SPARTANBURG, S.C. — Carolina Panthers cornerback Jaycee Horn beamed with pride watching his girlfriend Brea Beal cut down the nets this past April after the South Carolina women’s basketball team won the NCAA championship.
Now Horn wants to feel the same euphoria that the Gamecocks star point guard felt.
“Seeing the confetti drop from the ceiling, (seeing) everybody’s expressions and everybody so happy — that’s the experience everyone wants,” Horn said. “This is my last shot at it, so I hope I can win a Super Bowl.”
First though, Horn needs to get completely healthy.
The No. 8 overall pick in last year’s draft said he’s still feeling the aftereffects of surgery for broken bones in his right foot stemming from a freakish Week 3 injury last season against the Houston Texans.
The non-contact mishap occurred when Horn was back-peddling on the far side of the field and felt a sharp pain in the foot, causing him to fall to the ground and immediately begin calling for the aid of a trainer.
A day later Horn was informed his season was likely over.
He missed the final 14 games, ending a promising start to his NFL career.
“At first when it happened, I was hoping it was something minor," Horn said. "When I got the news I was frustrated and mad. But after that I was just trying to work on getting better every day and working my way back onto the field.”
Horn participated in the team's OTAs and minicamp earlier this offseason, so when he was added to the PUP (physically unable to perform) list at the start of training camp with soreness in that same right foot it raised some eyebrows.
But Horn said doctors and others who've experienced similar injuries have told him that is natural when returning from a broken foot.
The 6-foot-1, 200-pound Horn missed the first week of training camp, but returned to practice on a limited basis on Monday. The Panthers are slowly working him into the mix, careful not to overdue the strain on his foot while attempting to ramp up his workload.
That has put Horn back into an all-too-familiar role of watching, rather than playing.
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But he said the one thing he's learned from last season is patience and winning the mental battle in his head.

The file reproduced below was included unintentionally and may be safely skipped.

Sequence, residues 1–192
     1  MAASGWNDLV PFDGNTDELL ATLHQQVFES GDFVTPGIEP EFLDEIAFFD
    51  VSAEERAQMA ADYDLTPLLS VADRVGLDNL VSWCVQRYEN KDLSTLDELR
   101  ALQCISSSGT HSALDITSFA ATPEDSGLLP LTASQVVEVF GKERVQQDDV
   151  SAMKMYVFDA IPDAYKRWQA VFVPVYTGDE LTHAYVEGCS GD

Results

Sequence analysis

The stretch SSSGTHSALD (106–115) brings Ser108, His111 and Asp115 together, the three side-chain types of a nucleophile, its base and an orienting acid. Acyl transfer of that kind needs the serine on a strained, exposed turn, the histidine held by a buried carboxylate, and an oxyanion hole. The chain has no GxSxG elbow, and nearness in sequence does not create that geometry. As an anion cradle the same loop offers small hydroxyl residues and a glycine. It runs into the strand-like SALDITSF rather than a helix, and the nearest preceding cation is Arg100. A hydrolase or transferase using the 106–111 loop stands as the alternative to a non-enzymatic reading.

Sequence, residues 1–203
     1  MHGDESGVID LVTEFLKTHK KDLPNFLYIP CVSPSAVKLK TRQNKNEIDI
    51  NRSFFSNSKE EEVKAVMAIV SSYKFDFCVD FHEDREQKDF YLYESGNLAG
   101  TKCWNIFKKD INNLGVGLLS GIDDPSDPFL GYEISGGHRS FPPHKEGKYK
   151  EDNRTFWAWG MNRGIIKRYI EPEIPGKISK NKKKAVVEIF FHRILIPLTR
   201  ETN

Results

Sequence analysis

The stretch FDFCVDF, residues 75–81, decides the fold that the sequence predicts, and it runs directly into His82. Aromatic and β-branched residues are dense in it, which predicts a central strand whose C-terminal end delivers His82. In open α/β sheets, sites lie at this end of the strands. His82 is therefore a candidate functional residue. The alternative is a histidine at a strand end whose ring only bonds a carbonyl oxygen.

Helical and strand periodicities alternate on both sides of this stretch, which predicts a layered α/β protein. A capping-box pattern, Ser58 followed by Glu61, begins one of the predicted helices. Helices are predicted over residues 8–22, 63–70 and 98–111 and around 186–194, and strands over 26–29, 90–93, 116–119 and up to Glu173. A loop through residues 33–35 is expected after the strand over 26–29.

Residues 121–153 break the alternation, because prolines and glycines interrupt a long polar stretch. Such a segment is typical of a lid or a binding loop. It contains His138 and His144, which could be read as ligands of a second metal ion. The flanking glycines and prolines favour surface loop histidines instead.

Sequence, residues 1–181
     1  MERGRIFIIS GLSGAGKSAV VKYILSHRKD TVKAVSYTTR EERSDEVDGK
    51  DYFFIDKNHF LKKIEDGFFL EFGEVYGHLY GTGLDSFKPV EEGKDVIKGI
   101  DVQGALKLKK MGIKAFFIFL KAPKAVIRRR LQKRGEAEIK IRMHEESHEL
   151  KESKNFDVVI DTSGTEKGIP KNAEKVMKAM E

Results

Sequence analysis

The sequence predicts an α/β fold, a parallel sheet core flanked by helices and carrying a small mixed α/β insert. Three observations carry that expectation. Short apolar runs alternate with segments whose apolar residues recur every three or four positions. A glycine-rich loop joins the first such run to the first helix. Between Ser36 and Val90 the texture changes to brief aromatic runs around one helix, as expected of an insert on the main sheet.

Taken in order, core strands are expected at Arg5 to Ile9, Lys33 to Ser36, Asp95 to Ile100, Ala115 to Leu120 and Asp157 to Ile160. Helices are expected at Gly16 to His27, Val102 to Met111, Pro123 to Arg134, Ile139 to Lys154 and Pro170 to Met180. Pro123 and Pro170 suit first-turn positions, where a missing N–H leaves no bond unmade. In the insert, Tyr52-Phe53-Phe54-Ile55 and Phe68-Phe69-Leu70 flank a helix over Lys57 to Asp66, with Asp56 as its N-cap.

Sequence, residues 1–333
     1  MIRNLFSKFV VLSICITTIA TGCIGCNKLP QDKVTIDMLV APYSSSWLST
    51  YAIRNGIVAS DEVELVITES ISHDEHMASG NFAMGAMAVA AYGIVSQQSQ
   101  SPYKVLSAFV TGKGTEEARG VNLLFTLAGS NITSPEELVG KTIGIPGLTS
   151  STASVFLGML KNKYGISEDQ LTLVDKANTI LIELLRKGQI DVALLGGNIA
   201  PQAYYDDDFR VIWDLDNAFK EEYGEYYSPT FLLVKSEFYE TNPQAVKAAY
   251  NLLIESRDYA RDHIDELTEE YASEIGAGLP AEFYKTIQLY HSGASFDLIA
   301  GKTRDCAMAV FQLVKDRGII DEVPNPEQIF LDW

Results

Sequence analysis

“I want to be ready for Week 1 — when it counts," Horn said.
Panthers coach Matt Rhule said Horn has already proven to him he can be a "special player” in the NFL given his rare combination of speed, strength and athleticism, and he knows the team can't afford to lose him again.
“Jaycee last year was a physical presence, explosive, aggressive and didn’t back down from anybody," Rhule said. “We missed him when he was gone.”
Horn is scheduled to start alongside Donte Jackson in year two. When the Panthers go to three cornerback sets, Rhule said Horn will move inside to the nickel spot while C.J. Henderson, another former top-10 NFL draft pick, will take the outside.
When all three cornerbacks are healthy and with Jeremy Chinn and Xavier Woods at safety, the Panthers believe they have one of the best defensive backfields in the league. Carolina gave up the second-fewest yards passing in the league in 2021.
Horn said the sky is the limit.
“The raw talent we have. We’ve got athleticism. We have two of the fastest corners in the league in Donte and C.J. and I’m not slow myself for a big guy," Horn said. "And we all compete hard. If we get beat, we get right up and challenge on the next play.”
The Panthers, who are coming off back-to-back five-win seasons, are still viewed as long way from being a team that competes for a championship.
But if Horn has his way, the confetti will drop someday.
“Win,” Horn said of his primary goal moving forward. “I feel like the individual goals will come when you're playing good. I want us to play good as a defense and help this team win football games.”